Shashi Tharoor is once again at his provocative best. In the title essay, we learn the steep price paid by some Iraqis just to obtain a book; what does it mean when selling books, essentially selling culture, out of one's own library is the only way to put bread on the table? Later, Tharoor reminisces about growing up with books in India and the central position of classics like the Mahabharata in developing his own literary identity. The poignant homage to Chilean poet Pablo Neruda recalls his incendiary deathbed challenge as an oppressive military regime invaded his home: “There is only one thing of danger for you here—my poetry!”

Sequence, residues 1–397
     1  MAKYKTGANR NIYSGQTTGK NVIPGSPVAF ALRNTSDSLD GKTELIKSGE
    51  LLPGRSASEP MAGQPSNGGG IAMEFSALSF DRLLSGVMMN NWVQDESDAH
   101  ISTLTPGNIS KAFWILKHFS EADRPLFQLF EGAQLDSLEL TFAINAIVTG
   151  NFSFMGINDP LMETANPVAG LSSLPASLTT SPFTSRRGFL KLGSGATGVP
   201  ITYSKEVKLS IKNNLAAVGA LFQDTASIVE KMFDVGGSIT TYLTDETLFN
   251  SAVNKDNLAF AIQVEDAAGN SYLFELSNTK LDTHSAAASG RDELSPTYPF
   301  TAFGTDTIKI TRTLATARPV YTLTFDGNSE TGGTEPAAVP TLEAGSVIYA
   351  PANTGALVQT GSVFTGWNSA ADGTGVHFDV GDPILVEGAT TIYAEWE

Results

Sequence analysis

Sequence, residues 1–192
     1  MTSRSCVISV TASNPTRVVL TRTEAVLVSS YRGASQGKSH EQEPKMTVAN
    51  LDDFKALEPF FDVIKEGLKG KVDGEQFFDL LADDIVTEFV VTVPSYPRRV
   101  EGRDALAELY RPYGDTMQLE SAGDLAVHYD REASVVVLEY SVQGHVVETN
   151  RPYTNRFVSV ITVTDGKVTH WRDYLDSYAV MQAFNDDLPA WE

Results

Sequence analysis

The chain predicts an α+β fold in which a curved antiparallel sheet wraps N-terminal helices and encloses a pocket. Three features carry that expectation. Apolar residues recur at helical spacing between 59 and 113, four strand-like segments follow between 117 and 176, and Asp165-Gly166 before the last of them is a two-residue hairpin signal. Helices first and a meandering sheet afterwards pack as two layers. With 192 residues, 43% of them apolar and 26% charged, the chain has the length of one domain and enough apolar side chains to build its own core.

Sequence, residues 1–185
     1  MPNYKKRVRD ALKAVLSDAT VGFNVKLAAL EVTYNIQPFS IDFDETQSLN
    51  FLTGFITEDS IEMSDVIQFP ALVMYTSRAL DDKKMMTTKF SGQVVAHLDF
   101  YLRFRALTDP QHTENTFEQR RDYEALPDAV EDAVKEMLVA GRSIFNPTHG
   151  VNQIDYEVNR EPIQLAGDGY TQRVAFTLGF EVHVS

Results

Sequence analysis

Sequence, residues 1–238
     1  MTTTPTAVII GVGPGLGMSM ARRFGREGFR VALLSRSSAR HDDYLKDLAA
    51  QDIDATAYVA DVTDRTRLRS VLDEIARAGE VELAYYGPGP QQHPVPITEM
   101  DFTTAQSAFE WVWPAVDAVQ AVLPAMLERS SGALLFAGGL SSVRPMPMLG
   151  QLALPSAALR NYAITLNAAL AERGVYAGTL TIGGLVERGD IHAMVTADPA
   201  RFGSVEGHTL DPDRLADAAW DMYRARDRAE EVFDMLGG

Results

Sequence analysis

“The defining features of today's world,” Tharoor writes of the global stage, “are the relentless forces of globalization—the same forces used by the terrorists in their macabre dance of death and destruction.” His astute views on Salman Rushdie, India's love for P. G. Wodehouse, Rudyard Kipling, Aleksandr Pushkin, John le Carré, V. S. Naipaul, and Winston Churchill make for fascinating reading. His insightful takes on Hollywood and Bollywood will intrigue even the most demanding cinephile. Together, these thirty-nine pieces reveal the inner workings of one of today's most eclectic writers.